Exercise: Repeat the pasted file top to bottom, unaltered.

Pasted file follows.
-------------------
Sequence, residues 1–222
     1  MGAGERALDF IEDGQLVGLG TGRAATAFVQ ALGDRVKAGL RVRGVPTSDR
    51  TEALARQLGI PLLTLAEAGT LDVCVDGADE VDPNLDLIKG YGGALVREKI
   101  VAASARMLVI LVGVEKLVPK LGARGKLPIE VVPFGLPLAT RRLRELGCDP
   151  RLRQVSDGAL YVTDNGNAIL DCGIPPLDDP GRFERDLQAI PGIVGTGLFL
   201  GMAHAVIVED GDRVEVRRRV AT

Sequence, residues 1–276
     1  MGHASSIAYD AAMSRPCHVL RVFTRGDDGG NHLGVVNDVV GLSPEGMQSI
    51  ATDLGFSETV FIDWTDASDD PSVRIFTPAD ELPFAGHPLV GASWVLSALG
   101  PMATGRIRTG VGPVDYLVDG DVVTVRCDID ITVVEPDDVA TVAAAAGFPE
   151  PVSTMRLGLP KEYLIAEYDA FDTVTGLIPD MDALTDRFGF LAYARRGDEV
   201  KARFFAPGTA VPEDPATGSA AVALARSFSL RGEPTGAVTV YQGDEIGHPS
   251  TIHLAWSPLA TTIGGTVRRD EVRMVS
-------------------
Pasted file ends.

Sequence, residues 1–222
     1  MGAGERALDF IEDGQLVGLG TGRAATAFVQ ALGDRVKAGL RVRGVPTSDR
    51  TEALARQLGI PLLTLAEAGT LDVCVDGADE VDPNLDLIKG YGGALVREKI
   101  VAASARMLVI LVGVEKLVPK LGARGKLPIE VVPFGLPLAT RRLRELGCDP
   151  RLRQVSDGAL YVTDNGNAIL DCGIPPLDDP GRFERDLQAI PGIVGTGLFL
   201  GMAHAVIVED GDRVEVRRRV AT

Sequence, residues 1–276
     1  MGHASSIAYD AAMSRPCHVL RVFTRGDDGG NHLGVVNDVV GLSPEGMQSI
    51  ATDLGFSETV FIDWTDASDD PSVRIFTPAD ELPFAGHPLV GASWVLSALG
   101  PMATGRIRTG VGPVDYLVDG DVVTVRCDID ITVVEPDDVA TVAAAAGFPE
   151  PVSTMRLGLP KEYLIAEYDA FDTVTGLIPD MDALTDRFGF LAYARRGDEV
   201  KARFFAPGTA VPEDPATGSA AVALARSFSL RGEPTGAVTV YQGDEIGHPS
   251  TIHLAWSPLA TTIGGTVRRD EVRMVS